|Die Frankfurt-Tipp Bewertung:|
|Laufzeit:||Ca. 102 min.|
|FSK:||From 6 years|
Alt-Punk Fussel (Wotan Wilke Möhring)) actually rejects anything that complies with any conventions. He is an artist of life with body and soul and has been receiving Hartz IV felt since this social benefit came into existence. But that could be over now. Because his clerk at the tax office (Victoria Trautmansdorff), whom he has skillfully wrapped around his finger like so many women, can no longer find any excuses to extend his salary further. His only option: he could have a burnout diagnosed. This would mean, however, that he would have to be admitted to a clinic on an inpatient basis. Reluctantly Fussel agrees, because the only other alternative was work. And so Fussel ends up in a clinic full of burned-out people, whom he confuses with his unadapted manner. When the head of the clinic (Ulrike Krumbiegel) finds out about him, he is threatened with being thrown out - unless Fussel agrees to a very unconventional deal…
After the celebrated drama "Director André Erkau and leading actor Wotan Wilke Möhring have joined forces again to bring another story from the pen of Gernot Gricksch to the screen. Neither the story of "Happy Burnout" nor the role of Möhring could be more different from its predecessor. With a lot of humour and lightness, the story only scratches on serious topics. In the foreground is the pleasure that the viewer should have in this story. And that's what's offered very effectively at the very beginning.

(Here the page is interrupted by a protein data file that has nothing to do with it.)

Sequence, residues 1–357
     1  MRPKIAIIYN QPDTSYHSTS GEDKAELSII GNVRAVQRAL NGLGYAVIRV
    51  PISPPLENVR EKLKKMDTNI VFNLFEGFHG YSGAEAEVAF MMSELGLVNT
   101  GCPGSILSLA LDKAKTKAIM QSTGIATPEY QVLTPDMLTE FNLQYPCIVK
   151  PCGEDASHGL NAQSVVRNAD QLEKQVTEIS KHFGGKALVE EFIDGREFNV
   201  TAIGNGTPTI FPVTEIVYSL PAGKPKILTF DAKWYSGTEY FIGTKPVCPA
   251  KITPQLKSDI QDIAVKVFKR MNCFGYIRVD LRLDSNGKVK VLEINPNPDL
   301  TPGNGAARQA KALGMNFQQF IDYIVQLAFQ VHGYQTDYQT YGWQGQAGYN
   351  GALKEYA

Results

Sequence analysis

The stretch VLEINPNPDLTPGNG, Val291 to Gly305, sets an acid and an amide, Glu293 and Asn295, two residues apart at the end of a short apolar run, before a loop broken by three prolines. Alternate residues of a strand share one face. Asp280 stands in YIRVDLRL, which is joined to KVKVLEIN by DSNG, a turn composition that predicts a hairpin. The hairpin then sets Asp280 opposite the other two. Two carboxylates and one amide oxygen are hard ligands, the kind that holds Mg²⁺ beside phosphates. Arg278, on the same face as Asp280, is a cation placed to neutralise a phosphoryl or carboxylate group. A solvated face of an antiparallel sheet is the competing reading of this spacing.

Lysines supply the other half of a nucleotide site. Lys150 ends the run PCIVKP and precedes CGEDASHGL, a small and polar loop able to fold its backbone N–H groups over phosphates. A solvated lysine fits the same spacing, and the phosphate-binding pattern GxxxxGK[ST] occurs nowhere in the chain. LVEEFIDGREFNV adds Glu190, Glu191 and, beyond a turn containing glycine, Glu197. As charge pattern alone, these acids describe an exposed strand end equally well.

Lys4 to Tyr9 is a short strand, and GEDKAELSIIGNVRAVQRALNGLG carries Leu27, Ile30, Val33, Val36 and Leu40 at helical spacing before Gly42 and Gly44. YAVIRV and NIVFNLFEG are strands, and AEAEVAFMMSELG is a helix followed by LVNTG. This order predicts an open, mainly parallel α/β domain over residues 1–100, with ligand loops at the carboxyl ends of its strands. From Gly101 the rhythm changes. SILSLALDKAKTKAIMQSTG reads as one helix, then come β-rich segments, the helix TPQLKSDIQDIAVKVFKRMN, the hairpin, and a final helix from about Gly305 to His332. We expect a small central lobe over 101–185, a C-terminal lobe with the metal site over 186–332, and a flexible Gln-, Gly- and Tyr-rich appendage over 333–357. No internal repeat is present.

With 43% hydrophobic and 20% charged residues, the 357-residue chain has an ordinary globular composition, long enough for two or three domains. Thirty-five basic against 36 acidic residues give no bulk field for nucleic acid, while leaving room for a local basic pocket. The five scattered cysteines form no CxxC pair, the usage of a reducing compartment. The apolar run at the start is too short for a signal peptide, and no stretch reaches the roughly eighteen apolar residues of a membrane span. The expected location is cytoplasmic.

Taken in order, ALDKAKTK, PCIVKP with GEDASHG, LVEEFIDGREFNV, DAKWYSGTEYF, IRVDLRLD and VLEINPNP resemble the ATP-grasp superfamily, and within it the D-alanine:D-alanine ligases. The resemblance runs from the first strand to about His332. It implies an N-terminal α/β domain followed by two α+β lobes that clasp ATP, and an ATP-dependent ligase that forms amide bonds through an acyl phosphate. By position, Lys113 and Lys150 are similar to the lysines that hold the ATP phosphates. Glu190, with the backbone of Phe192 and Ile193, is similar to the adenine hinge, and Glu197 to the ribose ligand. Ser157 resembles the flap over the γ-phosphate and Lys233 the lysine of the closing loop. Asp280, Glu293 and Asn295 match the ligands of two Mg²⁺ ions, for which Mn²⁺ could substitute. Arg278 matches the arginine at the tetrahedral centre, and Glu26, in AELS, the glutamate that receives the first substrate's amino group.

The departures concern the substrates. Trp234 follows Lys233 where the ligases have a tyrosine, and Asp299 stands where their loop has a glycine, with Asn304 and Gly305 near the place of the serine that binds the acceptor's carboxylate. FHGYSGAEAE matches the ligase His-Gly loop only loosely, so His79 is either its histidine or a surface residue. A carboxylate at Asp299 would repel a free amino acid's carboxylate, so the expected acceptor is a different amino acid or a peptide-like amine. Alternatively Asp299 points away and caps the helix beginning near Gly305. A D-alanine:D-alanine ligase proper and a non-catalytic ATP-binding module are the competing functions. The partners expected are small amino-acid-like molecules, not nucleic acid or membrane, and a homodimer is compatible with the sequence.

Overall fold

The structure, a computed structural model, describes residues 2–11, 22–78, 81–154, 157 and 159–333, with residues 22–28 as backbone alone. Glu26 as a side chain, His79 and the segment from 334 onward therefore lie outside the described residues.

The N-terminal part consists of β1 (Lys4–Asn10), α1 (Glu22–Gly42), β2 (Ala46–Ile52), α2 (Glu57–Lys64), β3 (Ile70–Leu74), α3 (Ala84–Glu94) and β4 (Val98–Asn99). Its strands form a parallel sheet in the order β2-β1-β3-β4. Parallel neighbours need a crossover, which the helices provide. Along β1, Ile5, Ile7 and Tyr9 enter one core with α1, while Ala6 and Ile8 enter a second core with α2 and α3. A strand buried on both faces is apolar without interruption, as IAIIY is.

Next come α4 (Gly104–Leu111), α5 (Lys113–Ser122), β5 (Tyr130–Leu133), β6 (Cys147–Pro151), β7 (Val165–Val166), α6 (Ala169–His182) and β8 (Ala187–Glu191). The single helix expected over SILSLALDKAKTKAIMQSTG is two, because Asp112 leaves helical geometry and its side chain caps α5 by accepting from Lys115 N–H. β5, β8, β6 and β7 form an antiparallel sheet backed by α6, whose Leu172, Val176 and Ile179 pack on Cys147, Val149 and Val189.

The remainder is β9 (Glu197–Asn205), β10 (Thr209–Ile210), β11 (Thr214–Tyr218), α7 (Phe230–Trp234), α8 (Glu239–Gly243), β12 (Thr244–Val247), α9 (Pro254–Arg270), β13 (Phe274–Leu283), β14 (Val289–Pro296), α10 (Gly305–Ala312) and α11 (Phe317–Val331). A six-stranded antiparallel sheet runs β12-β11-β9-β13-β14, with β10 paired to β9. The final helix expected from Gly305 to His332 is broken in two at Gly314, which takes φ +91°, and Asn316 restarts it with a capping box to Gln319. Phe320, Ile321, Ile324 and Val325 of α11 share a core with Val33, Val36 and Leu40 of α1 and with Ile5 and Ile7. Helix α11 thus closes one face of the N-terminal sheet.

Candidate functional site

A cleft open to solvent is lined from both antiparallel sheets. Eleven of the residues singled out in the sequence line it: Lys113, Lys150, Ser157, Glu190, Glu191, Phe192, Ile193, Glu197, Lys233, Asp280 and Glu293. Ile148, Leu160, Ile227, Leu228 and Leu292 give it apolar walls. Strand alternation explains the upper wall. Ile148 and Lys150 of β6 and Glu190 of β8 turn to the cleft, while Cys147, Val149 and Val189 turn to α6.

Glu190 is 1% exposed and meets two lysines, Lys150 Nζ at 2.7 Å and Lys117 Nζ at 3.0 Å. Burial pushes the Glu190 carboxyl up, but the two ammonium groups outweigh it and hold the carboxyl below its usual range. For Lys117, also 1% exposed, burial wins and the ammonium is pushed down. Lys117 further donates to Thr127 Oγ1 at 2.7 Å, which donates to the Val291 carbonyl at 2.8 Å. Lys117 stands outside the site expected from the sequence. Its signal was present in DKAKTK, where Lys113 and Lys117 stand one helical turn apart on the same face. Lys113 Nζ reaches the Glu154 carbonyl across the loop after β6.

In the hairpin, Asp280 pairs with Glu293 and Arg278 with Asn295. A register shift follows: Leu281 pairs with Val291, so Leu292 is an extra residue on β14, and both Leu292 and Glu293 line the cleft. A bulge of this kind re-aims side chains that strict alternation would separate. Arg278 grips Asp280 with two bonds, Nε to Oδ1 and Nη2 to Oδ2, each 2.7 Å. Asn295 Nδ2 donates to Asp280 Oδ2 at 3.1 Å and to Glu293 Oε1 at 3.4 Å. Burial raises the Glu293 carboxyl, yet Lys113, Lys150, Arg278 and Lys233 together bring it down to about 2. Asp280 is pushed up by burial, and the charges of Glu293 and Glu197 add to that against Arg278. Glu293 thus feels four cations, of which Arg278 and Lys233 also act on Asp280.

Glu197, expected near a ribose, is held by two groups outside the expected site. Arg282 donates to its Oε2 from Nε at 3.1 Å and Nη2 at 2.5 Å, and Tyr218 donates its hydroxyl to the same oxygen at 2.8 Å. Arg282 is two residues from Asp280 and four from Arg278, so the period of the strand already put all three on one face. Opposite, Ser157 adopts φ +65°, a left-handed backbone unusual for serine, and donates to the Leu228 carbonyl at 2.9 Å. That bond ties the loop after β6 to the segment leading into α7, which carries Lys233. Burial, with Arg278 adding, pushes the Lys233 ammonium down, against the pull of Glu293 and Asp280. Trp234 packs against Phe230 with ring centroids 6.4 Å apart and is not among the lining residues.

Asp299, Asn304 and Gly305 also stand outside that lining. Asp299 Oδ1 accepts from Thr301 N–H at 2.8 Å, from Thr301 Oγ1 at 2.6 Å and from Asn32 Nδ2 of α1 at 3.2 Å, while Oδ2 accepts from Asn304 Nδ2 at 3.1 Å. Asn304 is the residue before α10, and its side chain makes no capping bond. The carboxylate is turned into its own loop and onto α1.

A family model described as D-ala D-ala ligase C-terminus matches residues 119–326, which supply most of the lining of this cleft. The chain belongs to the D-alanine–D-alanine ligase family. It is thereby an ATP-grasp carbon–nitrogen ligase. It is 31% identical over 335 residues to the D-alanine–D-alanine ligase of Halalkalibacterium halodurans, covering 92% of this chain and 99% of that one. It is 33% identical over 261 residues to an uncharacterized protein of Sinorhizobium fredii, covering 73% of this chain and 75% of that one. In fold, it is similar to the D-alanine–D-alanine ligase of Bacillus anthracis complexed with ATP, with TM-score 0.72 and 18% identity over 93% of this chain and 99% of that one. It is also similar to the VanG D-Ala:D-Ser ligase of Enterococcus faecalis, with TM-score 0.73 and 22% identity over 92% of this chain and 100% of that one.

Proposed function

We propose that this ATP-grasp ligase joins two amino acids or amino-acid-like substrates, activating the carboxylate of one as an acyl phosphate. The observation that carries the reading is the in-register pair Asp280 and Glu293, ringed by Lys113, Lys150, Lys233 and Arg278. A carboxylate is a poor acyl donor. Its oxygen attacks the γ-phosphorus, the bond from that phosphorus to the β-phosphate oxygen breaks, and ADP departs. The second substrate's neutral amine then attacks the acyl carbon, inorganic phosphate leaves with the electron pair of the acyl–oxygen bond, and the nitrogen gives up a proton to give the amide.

If you show Fussel what tricks he uses to get women into bed, or how he bums his way through everyday life with a lot of charm and audacity, you'll have some really amusing moments. Of course, this is also due to the fact that one notices that Wotan Wilke Möhring's game had a lot of fun in this anarchic role. As soon as Fussel, with his unconventional way of doing things, turns everyday hospital life upside down in the pretty sanatorium in which he doesn't want to fit at all, the confrontation with people who, for other reasons, have been snatched away from the normality of our society, also provides for many very successful and also funny scenes.
Of course, the story takes on some very absurd, almost fairy-tale-like traits at some point, but that's completely okay. The good ensemble that Möhring supports can comfort you about some of the more untrustworthy moments as well as about some overused clichés. For about 80 minutes, everything works really well and offers entertaining entertainment that there is really little to complain about. The last act, however, is simply too thick. The dramaturgy here is simply too predictable and too exaggerated to achieve the effect the script obviously aimed at.
However - and the film can profit from this at the end - most of the characters already have the sympathies of the audience at this point, which is why even in this rather weak moment it is still enough fun to watch them. So "Happy Burnout" might not be the big hit at the end, but it's a funny comedy with great actors and some very nice ideas. Worth seeing
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